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How does it feel to be old?

That 15-year-old girl in the bookstore is now 60


As a nurse working with people older than myself, I hear it time after time. “I don’t belong in a place like this. These people are old. They are in wheelchairs and using walkers.”

The last person I heard say it was sitting in a wheelchair, but he did not see himself like the others in wheelchairs.

We still feel like the same people that we were when we were young. My favorite patients are 88 years old and above. They are healthy. They usually take very few medications. They look younger than they are. They are active. They have seldom had anything seriously wrong with them — until now.

It may have been an elective surgery, or they may had a misfortunate fall. Suddenlly they are not bouncing back and recovering the way they always have. They are dismayed by the length of time it is taking them to feel “normal” again.

It reminds me of the saying, “Inside every older person is a younger person wondering what happened.”

At the age of 15, I walked into a large bookstore and chose the first novel I ever purchased. I gave the cashier the 60-cent price and proceeded to read. This book remains special to me even now.

“A Lantern in Her Hand,” by Bess Streeter Aldrick, is the story of a woman’s life told through her own eyes, beginning at 8 years old until her death at 80. I learned at the age of 15, while reading this book, that we are the same person, always, no matter if we are 8 or 80.

At one point in the book, her granddaughter asks her, “How does it feel to be old, Grandma?”

“It doesn’t feel at all,” she replies. “People don’t understand about old age. I am an old woman ... but I haven’t changed. I’m still me. They think we’re different ... we old ones. The real person I am still has many of the old visions and longings. I’m fairly contented here in the old home ... I’ve never grown tired of life as some old people do. I’m only tired of the aches and the pains and the inability to make my body do what I want it to do. I would like to live a long time yet ... to see what can still be invented ... to read the new things that will be written ... to hear the new songs that will be sung ... to see heavy foliage on all the new shrubbery ... to see all the babies grow into men and women. You will find out, when you get old, that some of the realities seem dreams, but the dreams ... the dreams are all real.”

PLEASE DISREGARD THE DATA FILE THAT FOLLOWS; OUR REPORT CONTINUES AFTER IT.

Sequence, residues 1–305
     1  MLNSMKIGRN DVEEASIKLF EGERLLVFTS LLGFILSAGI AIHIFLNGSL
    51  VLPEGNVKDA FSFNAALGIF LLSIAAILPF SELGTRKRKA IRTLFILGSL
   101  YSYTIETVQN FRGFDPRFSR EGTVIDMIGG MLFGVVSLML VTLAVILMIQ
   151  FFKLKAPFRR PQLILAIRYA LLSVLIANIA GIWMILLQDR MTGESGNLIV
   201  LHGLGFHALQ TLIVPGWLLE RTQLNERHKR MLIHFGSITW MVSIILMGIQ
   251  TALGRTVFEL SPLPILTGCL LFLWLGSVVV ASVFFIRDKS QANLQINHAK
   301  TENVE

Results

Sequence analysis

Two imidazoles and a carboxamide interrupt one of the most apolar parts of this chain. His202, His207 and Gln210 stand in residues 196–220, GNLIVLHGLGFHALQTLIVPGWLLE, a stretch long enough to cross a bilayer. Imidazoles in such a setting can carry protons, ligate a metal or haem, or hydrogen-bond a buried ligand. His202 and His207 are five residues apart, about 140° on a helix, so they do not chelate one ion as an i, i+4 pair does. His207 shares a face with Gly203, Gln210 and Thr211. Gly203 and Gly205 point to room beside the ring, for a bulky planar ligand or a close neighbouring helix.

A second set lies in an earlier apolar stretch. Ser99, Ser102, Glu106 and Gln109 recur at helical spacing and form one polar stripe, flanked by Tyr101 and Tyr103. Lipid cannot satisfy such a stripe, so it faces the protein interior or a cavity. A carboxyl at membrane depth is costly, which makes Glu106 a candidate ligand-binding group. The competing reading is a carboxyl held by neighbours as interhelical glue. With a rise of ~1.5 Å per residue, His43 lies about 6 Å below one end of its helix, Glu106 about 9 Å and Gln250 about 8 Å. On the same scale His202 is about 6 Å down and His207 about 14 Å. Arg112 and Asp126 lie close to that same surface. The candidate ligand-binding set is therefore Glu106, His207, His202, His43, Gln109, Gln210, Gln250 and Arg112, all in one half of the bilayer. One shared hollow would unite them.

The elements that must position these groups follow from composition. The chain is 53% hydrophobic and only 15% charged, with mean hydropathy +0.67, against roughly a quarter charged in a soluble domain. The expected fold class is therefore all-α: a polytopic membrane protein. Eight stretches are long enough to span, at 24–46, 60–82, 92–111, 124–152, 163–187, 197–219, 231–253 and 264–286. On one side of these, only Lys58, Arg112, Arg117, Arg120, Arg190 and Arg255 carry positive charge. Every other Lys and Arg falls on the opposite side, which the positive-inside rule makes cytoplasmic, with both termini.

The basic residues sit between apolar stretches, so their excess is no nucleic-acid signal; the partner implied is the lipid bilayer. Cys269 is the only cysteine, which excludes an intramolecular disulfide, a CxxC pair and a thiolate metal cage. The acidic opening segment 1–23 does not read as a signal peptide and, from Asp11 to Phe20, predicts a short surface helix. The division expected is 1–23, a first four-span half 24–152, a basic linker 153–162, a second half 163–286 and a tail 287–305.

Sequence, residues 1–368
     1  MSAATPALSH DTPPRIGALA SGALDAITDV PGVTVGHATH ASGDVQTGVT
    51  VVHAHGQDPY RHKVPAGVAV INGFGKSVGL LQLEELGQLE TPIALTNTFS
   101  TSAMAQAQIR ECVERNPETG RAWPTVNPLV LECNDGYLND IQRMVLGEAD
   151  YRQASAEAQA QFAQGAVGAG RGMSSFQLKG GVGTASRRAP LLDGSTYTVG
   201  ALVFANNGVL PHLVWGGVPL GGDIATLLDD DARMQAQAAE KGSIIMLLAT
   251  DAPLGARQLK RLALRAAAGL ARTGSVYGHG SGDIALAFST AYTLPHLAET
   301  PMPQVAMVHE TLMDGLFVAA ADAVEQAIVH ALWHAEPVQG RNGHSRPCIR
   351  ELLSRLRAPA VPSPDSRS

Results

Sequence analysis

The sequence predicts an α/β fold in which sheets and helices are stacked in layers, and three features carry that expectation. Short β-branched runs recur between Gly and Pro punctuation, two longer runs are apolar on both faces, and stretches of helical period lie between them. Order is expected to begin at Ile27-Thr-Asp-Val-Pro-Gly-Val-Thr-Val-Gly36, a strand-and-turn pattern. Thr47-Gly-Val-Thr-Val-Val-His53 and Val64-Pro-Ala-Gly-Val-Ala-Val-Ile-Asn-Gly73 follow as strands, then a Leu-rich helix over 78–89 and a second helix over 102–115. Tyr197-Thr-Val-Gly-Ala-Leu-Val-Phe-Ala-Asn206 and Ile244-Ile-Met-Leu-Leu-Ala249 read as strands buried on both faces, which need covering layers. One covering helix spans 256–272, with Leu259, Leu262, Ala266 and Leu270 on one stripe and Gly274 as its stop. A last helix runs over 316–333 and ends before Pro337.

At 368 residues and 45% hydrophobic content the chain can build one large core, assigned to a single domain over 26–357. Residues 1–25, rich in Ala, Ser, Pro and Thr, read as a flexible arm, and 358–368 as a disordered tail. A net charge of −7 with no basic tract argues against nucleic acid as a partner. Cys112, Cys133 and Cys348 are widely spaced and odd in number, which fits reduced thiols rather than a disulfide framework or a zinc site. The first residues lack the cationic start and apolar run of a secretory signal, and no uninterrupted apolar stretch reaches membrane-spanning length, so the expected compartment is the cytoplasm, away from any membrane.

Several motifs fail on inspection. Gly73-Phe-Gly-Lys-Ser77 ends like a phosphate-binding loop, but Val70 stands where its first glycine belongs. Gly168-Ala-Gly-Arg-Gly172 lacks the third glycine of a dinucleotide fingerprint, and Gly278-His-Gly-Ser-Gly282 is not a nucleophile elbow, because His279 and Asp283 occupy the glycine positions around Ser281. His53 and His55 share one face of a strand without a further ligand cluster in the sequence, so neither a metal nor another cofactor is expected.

I recently suffered an illness, lasting more than a week, and finally had to see the doctor. I realized that the doctor was looking at a 60-year-old sitting on her table. I was still young, but she had to ask all the questions that were applicable to someone my age. I don’t belong in a place like this. In other words, the questions she was asking did not apply to this 60-year-old.

I was doing it. I was repeating the same words my patients repeat to me. How strange! That 15-year-old girl in the bookstore is now 60. I am still the same person inside I have always been.

My advice: Eat well. Drink water. Move your body. Take fewer medications. Talk to others. Interact.

You are still alive. Find joy and dream.

Rhenda Wilson is a member of

the Lake Oswego Adult Community Center.

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